Report: 15 women allege sexual misconduct by former Washington NFL team employees

Is Dan Snyder responsible for the culture in Washington? (2:09)

Washington Post reporter Liz Clarke describes the culture and hostile work environment at Washington under team owner Dan Snyder. (2:09)

Fifteen women who previously worked for Washington's NFL organization have alleged sexual harassment and verbal abuse by former scouts and members of owner Daniel Snyder's inner circle, The Washington Post reported Thursday.

Among those accused of misconduct are former director of pro personnel Alex Santos and former assistant director of pro personnel Richard Mann II, as well as longtime radio play-by-play announcer and senior vice president Larry Michael. All three departed the organization within the past week.

Others named in the report are former president of business operations Dennis Greene and former chief operating officer Mitch Gershman, who, along with Michael, were considered part of Snyder's "inner circle," according to the Post.

There are no allegations against Snyder or former longtime general manager Bruce Allen, who was fired at the end of the 2019 season after 10 years with the franchise.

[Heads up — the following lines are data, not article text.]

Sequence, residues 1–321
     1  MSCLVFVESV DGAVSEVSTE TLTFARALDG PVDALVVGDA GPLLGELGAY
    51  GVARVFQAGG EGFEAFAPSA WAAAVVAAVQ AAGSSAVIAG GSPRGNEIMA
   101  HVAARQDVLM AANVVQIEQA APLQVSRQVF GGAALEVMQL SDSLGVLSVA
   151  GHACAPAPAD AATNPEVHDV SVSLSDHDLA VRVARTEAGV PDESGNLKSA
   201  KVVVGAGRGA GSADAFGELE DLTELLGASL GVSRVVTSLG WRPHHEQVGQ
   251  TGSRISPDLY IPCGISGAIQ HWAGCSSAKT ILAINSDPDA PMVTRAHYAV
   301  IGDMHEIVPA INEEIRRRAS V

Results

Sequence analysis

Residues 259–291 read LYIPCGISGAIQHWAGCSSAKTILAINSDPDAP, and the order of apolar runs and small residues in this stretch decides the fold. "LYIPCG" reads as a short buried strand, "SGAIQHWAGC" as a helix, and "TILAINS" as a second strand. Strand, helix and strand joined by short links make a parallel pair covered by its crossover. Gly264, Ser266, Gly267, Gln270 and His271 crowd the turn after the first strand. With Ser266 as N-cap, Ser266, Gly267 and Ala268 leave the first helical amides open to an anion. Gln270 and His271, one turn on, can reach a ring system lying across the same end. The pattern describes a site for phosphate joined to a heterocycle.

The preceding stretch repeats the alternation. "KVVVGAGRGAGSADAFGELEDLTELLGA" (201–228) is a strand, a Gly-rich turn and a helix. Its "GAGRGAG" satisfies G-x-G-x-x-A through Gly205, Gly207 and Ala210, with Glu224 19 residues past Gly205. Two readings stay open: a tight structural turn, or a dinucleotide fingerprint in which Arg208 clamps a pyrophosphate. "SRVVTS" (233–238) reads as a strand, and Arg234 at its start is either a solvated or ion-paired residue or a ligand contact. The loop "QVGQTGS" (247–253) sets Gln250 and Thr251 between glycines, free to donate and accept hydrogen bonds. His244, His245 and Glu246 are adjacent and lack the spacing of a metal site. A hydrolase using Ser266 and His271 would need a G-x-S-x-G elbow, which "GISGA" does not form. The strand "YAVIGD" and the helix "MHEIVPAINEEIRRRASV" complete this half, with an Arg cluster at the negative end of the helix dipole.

The Post said Snyder and Allen declined several interview requests, but the owner did issue a statement on Friday.

"The behavior described in yesterday's Washington Post article has no place in our franchise or society," Snyder said in his statement. "This story has strengthened my commitment to setting a new culture and standard for our team, a process that began with the hiring of Coach [Ron] Rivera earlier this year."

The allegations of sexual harassment and toxic workplace culture, which spanned from 2006 to 2019, were raised by 15 women, all but one of whom spoke to the Post on the condition of anonymity, with some having signed nondisclosure agreements with the team.

Santos, who was fired this week, is accused by six former employees and two reporters who covered the team of commenting about their bodies and making unwelcome overtures, according to the Post. He declined comment.

In text messages obtained by the Post, Mann, also fired within the past week, shared with a female employee his conversation with coworkers about whether she had undergone breast enhancement surgery. He also declined comment.

What's next for Daniel Snyder after allegations against Washington?

Jason Reid of The Undefeated says the NFL "will have to investigate" the workplace misconduct allegations against the Washington NFL organization that have happened under Daniel Snyder's watch.

Greene, who resigned in May 2018 after it was reported that he had sold access to Washington cheerleaders, including attendance at a 2013 calendar photo shoot in Costa Rica, is named in the Post report for having encouraged members of the sales staff to wear revealing clothing and flirt with suiteholders. He declined comment for the Post's story.

Emily Applegate, the only former Washington female employee named in the Post report, said that Gershman verbally abused her over minor workplace issues and also complimented her body.